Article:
Oliver Rees

17 posts

How to catch a thief

I had the pleasure recently to be featured in a Barclays video about fraud online. Cyber fraud is a critical global issue, and a large amount of it happens because people, rather than technology, are compromised.
You can watch the video here.

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Artificial Intelligence, Ethics & GDPR

Discretion has been a critical part of society’s decision making for as long as societies have existed. Rather than making absolute decisions in legal systems, for example, judges are able to decide proportionate decisions based on mitigating and aggravating factors. A key responsibility of a judge is to write a judgement (and you can read them if you like); without explanation and justification the conclusion a judge comes to is invalid.

Discretion is also a key part of philosophy & ethics. In the classic philosophical thought experiment the trolly problem you have the choice of killing one person to save five by switching a lever on the track. In this thought experiment the outcome is the least important element. Simply to assert that "I'd flick the lever" is to misunderstand the question. Explaining how you reach your decision gives rise to some of the most important ethical and legal questions. Discussion about the topic helps us to analyse what sort of society we live in and what values we live by. These are not trivial questions: killing one to save ten turns you into judge and jury, weighing one life against another. Inaction demonstrates your indifference to human life: if you won’t kill one to save five, would you kill one to save fifty, or ten thousand? And what if that one was your child?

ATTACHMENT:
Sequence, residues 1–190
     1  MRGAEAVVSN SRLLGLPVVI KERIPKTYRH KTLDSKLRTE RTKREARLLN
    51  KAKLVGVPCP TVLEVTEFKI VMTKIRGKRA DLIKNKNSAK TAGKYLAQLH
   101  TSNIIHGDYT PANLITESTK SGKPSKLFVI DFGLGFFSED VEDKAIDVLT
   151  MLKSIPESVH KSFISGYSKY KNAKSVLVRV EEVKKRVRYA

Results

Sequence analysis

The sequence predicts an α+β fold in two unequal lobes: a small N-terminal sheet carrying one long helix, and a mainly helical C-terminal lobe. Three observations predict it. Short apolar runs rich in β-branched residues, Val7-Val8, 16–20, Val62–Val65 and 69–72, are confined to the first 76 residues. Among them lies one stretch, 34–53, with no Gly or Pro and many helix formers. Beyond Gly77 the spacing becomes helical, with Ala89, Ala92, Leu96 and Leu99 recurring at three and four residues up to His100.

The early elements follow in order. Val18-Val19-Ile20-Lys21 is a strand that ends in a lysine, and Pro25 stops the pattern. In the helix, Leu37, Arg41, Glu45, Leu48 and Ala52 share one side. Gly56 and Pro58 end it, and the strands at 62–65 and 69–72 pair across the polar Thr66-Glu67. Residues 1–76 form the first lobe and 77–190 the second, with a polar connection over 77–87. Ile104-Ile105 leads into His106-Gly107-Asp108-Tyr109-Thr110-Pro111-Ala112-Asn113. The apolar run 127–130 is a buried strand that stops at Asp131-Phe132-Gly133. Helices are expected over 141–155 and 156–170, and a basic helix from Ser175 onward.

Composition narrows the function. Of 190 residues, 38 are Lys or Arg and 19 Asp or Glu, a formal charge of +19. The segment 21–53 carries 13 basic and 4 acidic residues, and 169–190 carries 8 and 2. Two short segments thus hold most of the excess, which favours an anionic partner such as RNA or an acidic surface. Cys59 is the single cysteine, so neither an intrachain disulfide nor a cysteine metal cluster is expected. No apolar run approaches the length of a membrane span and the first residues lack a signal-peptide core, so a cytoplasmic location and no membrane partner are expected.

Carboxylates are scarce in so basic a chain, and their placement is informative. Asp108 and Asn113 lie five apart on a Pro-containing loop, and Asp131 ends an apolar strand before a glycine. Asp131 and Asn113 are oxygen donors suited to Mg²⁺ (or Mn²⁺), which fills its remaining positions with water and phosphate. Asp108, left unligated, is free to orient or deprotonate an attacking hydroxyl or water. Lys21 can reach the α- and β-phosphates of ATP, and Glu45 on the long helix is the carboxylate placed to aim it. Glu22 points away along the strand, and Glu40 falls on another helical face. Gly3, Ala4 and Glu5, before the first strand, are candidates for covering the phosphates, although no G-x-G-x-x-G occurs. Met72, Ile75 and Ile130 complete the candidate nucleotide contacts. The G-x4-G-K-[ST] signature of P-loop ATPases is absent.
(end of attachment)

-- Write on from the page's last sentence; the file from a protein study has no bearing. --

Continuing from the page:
In most studies conducted, 90% of people given the option would kill one to save five. The psychologist David Navarette even conducted this experiment in virtual reality, with the one person screaming to add an element of realism (I'm unsure how this passed the ethics committee..). Nine out of ten people still flicked the lever. Howeve, if the one person is your child, parent or sibling, though, this goes down to 33%. The discretionary factors tell us something about the society we live in (whether we like it or not): we're broadly utilitarian but this changes dramatically if we know or love the people involved.

The role of artificial intelligence in this sort of decision making is becoming more relevant every day. As AI replaces humans as the drivers of cars, the diagnosers of disease and the arresters of criminals the traditional discretion based “fuzzy” decision making that has fuelled ethical debates since Ancient Greece is being replaced.